This is really (and surprisingly, considering how much divorce there was) the only text in the whole Old Testament dealing with the question of divorce. It’s not the only place divorce is mentioned, but it’s about the only place we have some teaching to grab on to. So let’s dig in, and let’s try to be both honest and accurate about it.
First of all, it’s pretty clear that this is a very specific case and not meant to give us all that we want to know about divorce. As a matter of fact, the only sort of “rule” here is in verse 4; verses 1-3 are just the set up.
It’s also clear that (1) divorce was allowed, (2) remarriage was allowed, (3) and that certain legalities were supposed to be involved. The formalities, legalities, and restrictions were meant to prevent divorce and remarriage from being lightly or rashly exercised. Those are reasonable principles to gather at this early point in the discussion.
The verses don’t say divorce is mandatory, nor even encouraged. It’s not a right. They are not trying to sanction it, or forbid it. But we can say that we can tell divorce was permitted, or at least tolerated, without penalty.
I also see that divorce was only for good cause, that the case had to be brought before legal entities, and that the husband and wife were both to be protected from manipulation or abuse through the proceedings. Fair?
What do you think so far?
Verse 1. He becomes “displeased” with her. Here we see that there must be grounds, and a legal document (certificate, in this case) is drawn up specifying the particulars. So there must be particulars, and not just, “Uh, ‘cause I feel like it. It’s not workin’ out.” Actually, he’s displeased because of “something indecent.” They had a word for adultery, and this isn’t it, so it most likely doesn’t refer to that. It’s obviously not something trivial, but must refer to something really objectionable that in their culture was just over the line. It’s probably something that was a gross violation of the essence of the marriage contract, and that an important principle to understand too. Whatever it is, it’s a serious accusation. It’s hard to know what that might have been because the phrase is so weird and general: “the nakedness of a thing.” But again, we can tell that the case under discussion is a specific one, and that it doesn’t try to deal with divorce in general. Actually, it’s more about remarriage after divorce than it is about divorce. But all in good time.
“A certificate of divorce.” Marriage was established by a formal legal covenant, and a formal legal document was required to dissolve it. It shows that divorce was not to be taken lightly, was regulated by the courts, and that the certificate also gave legal permission for the woman to remarry. It may have also assured the return of the dowry, which could have been important to either her subsequent survival in society, her reputation, or her ability to remarry. In any case, we can observe the protections in place to make sure she was being treated fairly.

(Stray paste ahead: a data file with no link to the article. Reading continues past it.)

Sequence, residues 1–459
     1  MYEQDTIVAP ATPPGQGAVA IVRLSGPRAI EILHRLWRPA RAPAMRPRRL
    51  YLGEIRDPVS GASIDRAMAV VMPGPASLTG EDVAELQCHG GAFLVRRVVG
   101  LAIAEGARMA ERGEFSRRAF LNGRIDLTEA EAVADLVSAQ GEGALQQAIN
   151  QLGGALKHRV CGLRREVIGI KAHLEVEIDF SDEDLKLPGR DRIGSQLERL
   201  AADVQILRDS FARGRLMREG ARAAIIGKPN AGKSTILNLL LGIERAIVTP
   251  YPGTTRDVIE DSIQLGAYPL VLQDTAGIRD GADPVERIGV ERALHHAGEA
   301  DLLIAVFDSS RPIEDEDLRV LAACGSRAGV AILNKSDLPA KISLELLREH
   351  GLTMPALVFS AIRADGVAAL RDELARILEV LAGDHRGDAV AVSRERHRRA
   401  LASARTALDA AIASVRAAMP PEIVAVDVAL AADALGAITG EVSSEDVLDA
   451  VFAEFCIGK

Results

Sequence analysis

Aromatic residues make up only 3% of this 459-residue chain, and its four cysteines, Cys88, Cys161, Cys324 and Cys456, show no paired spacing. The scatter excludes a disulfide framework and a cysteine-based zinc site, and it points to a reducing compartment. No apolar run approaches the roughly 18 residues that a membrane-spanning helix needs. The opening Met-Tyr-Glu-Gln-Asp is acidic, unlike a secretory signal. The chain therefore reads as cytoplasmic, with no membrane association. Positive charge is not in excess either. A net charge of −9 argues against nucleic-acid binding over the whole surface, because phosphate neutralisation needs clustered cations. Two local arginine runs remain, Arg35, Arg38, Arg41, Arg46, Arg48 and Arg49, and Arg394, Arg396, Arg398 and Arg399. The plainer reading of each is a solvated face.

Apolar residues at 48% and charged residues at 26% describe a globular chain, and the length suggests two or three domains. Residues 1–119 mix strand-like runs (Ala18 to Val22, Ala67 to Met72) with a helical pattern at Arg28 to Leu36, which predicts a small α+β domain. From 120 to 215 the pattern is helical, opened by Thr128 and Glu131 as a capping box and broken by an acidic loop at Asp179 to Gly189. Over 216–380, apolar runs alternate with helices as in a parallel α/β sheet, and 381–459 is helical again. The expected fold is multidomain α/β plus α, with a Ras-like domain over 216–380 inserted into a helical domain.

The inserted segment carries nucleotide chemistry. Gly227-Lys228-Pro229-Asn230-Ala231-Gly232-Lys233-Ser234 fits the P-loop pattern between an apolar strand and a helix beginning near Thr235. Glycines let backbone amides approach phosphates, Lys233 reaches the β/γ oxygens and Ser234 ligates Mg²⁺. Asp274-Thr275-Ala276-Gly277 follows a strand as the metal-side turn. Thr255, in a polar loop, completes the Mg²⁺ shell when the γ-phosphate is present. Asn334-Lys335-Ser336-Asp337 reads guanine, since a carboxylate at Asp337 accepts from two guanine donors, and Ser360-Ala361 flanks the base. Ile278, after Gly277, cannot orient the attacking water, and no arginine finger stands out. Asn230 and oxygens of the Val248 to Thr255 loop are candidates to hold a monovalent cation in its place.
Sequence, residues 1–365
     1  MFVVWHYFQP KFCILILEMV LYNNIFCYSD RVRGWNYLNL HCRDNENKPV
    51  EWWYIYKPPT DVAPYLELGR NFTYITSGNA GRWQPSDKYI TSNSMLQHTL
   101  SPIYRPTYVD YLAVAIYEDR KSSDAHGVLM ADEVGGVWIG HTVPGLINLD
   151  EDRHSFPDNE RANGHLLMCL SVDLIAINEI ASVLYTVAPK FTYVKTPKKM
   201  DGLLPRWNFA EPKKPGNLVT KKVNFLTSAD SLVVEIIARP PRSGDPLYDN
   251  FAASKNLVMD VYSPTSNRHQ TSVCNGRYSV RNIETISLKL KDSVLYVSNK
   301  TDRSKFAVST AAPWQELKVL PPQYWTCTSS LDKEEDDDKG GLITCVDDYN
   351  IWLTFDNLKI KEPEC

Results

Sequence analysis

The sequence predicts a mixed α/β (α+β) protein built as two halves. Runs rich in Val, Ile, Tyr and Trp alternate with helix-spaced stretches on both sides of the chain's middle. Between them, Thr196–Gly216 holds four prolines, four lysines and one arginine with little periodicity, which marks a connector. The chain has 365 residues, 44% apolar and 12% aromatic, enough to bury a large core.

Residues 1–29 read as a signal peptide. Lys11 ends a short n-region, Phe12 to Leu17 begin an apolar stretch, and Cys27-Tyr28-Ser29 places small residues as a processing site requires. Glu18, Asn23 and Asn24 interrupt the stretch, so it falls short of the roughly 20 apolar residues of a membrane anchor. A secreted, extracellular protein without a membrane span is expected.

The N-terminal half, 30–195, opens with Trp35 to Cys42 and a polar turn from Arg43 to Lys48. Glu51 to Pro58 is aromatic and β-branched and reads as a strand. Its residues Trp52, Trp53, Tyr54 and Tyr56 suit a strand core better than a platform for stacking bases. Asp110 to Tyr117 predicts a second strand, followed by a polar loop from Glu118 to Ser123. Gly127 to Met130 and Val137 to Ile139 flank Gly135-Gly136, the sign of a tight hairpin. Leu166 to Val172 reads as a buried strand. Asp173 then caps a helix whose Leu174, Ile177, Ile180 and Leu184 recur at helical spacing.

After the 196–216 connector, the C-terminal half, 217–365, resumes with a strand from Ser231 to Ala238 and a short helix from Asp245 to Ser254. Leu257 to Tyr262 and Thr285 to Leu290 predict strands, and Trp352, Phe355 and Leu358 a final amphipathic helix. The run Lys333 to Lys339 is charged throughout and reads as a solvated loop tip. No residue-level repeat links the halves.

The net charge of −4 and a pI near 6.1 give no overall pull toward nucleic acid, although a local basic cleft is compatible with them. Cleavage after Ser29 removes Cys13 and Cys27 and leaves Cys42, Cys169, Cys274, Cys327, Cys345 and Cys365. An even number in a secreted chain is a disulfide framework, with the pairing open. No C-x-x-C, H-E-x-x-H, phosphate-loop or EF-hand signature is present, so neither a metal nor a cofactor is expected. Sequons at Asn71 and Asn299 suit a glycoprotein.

Already we’ve learned that divorce was practiced. It wasn’t required; it wasn’t a right, and it probably wasn’t encouraged. But it happened, and God allowed it. It was never supposed to be done hastily or flippantly; there was expected to be good cause. It had to be obtained from legal sources and be a matter of public record. It released the woman from further obligations to her former husband, and she was awarded financial restitution and awards to allow her to continue to function in her society. It protected her reputation and status. Remarriage was permitted afterwards. And finally, that marriages can become irreconcilably dissolved.
Verse 2. Remarriage seems to have been acceptable and expected.
Verse 3. The problem seems to be that the second husband doesn’t have just cause. We’ve already learned that there has to be just cause, justice in the proceedings, and fair economic compensation. It also seems that God did recognize divorce when it took place in Israel’s courts, as His representatives of justice (just as government officials are representatives of his sovereignty).
Verse 4. Even though divorce stems from sin, divorce itself is not sin. Several times God threatened to divorce Israel (Isa. 50.1) In Malachi 2.16 we read that God hates divorce, but we never read that he hates the divorced person.
The prohibition of this verse (the only “law” here) seems to be aimed at the sanctity of marriage. Instead of refusing to allow divorce, it makes sure the divorce will stick, hopefully putting more restraint on frivolous divorce. Whatever is going on, v. 4 makes clear that the woman in this case is the victim and not the guilty party. This law is designed to protect her.